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Delivered by Armida Salsiah Alisjahbana

23 March 2021

ESCAP / Suwat Chancharoensuk

ESCAP / Suwat Chancharoensuk

Excellencies, Distinguished participants,

Ladies and gentlemen,

Welcome to the Eighth Asia-Pacific Forum for Sustainable Development.

Our theme this week is “Sustainable and resilient recovery from the COVID-19 pandemic in Asia and the Pacific.”

One year on, the socio-economic crisis brought on by COVID-19 remains the most critical threat to our achieving the Sustainable Development Goals by 2030.

This week is a timely opportunity to engage with governments and stakeholders to review our progress towards the SDGs and to explore together policy innovations and solutions.

Simply speaking, our region is not on track to meet any of the 17 Goals by 2030, as highlighted in this year’s edition of the Asia-Pacific SDG Progress Report, which was launched last week. This is even before the onset of COVID-19.

The most progress in the region was observed in good health and well-being, and industry, innovation and infrastructure.

Some progress was also seen in Goals on no poverty, zero hunger, quality education, reduced inequalities and partnerships for the Goals.

But I am deeply concerned by the region’s lack of progress on climate action and life below water.  

In addition, progress remained uneven across all 17 Goals at the subregional and national levels.

It is also clear that the effects of COVID-19 might actually reverse hard-won development gains, especially as countries in special situations have been hit the hardest.

Over the past year, virtually all countries have faced a deep slowdown in economic growth, leading to falling productivity and job losses.

The pandemic has pushed millions of people across the region into extreme poverty, severely affecting the advancement of all dimensions of sustainable development.  

The pandemic also shows us that in addition to the risk of leaving behind vulnerable groups including 690 million of persons with disabilities, older persons and over 65 million migrants within countries, there is also the chance that vulnerable countries will be left behind.

With the risk of a “K-shaped” economic recovery, some segments of our societies as well as some countries may recover well, while others continue to lag behind.

Without adequate policy coordination and coherence across socio-economic dimensions, our region risks trending towards polarization of development outcomes.

Now is the time for us to commit to pausing a “K-shaped” recovery in the post-COVID-19 era.

I am calling on the decision makers to formulate a set of policy packages that could create harmony between health and economy, and between economy and environment.

Today, let us commit to build resilience to the twin crises that threaten our future the most:

First, let us focus on overcoming the socio-economic fallout of the COVID-19 crisis by safeguarding lives and livelihoods.

By managing and containing health risks, governments are in a better position to address poverty, hunger, good health and well-being.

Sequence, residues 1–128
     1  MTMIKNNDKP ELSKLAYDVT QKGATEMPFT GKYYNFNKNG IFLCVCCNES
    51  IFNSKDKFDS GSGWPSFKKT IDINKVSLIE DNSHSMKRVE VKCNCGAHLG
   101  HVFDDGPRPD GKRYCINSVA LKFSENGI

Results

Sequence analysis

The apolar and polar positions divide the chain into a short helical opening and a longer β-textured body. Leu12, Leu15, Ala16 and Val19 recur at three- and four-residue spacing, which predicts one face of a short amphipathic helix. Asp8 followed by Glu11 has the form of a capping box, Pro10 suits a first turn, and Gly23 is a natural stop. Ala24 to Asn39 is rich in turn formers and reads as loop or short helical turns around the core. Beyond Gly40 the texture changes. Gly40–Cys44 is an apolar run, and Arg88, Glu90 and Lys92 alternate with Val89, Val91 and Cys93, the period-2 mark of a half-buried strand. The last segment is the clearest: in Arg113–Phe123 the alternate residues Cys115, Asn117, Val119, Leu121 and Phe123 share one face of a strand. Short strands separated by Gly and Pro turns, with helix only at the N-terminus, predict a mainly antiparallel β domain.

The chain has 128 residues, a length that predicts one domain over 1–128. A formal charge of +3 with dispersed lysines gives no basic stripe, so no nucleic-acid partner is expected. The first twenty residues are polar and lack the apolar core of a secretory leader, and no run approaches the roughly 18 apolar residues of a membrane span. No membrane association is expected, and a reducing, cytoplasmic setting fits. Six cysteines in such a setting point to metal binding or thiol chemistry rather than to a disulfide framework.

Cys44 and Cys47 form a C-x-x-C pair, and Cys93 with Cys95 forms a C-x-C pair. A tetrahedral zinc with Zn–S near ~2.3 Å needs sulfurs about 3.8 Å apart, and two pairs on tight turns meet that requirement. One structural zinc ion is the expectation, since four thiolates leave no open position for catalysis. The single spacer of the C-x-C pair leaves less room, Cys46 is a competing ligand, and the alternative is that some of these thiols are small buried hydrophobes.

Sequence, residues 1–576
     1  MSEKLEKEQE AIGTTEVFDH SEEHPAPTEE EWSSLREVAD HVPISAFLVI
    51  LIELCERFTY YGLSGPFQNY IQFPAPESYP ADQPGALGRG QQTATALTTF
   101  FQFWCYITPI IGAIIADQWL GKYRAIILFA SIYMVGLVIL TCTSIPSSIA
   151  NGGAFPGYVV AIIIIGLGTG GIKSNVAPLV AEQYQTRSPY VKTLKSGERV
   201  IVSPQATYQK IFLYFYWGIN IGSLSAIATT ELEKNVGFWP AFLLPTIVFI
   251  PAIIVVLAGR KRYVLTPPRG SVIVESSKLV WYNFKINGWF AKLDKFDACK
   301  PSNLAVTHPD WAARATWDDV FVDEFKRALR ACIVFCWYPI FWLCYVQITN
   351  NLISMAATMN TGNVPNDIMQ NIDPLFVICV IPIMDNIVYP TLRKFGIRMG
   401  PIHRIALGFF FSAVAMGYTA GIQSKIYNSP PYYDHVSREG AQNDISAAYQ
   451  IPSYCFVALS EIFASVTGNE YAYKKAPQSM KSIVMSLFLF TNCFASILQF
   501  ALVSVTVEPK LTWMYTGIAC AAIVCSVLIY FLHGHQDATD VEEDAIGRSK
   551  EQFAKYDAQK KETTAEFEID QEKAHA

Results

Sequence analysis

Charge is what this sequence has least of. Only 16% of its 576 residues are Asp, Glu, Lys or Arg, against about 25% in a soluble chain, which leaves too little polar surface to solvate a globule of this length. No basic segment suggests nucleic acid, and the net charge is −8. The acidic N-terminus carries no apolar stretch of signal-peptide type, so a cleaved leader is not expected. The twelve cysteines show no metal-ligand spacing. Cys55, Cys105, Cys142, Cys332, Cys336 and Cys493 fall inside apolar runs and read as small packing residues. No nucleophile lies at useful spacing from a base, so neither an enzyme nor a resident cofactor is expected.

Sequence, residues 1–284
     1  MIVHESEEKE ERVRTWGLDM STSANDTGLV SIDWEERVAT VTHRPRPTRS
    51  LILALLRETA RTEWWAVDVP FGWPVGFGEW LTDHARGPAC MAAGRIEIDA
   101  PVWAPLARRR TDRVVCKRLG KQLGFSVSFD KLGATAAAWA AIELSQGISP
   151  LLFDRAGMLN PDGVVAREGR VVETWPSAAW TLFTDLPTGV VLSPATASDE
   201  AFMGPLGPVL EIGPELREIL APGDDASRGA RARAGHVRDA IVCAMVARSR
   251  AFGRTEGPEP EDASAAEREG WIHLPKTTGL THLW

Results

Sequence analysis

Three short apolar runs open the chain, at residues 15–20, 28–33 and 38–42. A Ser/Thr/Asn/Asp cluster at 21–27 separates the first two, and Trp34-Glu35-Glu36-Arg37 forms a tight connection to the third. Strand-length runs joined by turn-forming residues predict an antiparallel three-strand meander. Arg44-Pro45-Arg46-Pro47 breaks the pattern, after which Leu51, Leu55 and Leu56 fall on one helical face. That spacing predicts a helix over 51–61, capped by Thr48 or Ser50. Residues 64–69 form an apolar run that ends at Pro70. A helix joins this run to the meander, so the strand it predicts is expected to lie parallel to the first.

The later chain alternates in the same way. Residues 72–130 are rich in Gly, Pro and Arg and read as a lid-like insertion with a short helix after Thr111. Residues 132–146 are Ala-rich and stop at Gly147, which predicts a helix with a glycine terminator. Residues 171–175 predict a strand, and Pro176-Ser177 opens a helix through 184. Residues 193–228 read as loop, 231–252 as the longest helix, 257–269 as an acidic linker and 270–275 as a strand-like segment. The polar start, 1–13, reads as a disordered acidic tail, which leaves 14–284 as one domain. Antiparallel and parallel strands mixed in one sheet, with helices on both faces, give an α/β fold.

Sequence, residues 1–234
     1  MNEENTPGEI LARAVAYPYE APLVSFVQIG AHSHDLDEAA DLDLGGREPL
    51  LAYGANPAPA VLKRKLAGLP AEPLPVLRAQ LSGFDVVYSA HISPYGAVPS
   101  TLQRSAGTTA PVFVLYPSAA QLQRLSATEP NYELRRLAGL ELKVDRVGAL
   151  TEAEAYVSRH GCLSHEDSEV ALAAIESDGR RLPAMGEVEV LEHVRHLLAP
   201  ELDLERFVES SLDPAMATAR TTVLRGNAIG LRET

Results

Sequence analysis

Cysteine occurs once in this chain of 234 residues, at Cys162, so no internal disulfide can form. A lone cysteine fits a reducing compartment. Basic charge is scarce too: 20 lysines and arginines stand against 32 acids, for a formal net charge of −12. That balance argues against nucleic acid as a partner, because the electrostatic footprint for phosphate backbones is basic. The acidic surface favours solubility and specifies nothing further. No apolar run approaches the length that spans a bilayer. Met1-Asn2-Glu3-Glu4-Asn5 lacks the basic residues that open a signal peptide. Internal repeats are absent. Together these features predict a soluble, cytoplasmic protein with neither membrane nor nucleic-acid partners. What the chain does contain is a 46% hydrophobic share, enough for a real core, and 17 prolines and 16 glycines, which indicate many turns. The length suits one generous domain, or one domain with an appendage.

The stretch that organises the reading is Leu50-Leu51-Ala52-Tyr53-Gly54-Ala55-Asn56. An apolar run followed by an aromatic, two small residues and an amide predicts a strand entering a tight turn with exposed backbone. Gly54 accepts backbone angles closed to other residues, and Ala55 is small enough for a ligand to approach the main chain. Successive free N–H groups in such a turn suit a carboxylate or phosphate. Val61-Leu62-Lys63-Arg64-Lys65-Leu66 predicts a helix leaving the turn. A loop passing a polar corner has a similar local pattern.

We must scale-up health-care provisions and universal health care schemes and work towards providing adequate social protection for all.

To ensure a sustainable economic recovery, governments must support policies that produce higher levels of productivity, reduce inequalities and encourage responsible consumption and production patterns. It is also critical that we revive trade, and build resilient supply chains and sustainable connectivity.

Second, we must use all our investable resources to support increased climate action ambition in order to combat the climate crisis.  

Our pledge to decarbonize economies by 2050, end fossil fuel subsidies, tackle air pollution and step up ambition for the Nationally Determined Contributions must be mainstreamed in the recovery plans of countries.  

Along with accelerating our energy transition for a new economy, it is possible for us to pivot our way of life and interaction with nature into one that is more harmonious rather than hostile.

Government policies should be directed towards greening the recovery through climate action, inclusive institutions and partnerships for the Goals.

I am convinced that the twin crises of COVID-19 and the changing climate is a great moment of awakening for us to forge SDG alliances and solidarity among countries and communities.

To help us do so, the region now must develop digital technology-based policy responses and mainstream data and statistics in its recovery effort.

The Asia-Pacific SDG Partnership report 2021 entitled “Responding to the COVID-19  Pandemic: Leaving No Country Behind”, which will be launched later today, aims to provide a set of policy recommendations on the role of digitalization.

Along with a successful vaccine roll-out, we can regain the momentum needed to achieve the SDGs.

As we lay the groundwork for a sustainable and resilient recovery, let us remember that the SDGs are our compass and can continue to play a force for good in transforming our societies in the post-COVID-19 era.

ESCAP is committed to strengthen, in close collaboration with the UN development system, multi-stakeholder partnerships at the regional, subregional and national levels to recover better together. 

As in prior years, we will convey your policy priorities and key messages from this Forum to the 2021 High-level Political Forum in New York. 

I look forward to listening to your views and suggestions on the future course of action towards attainment of the SDGs.

I count on your commitment and able leadership. 

Thank you.

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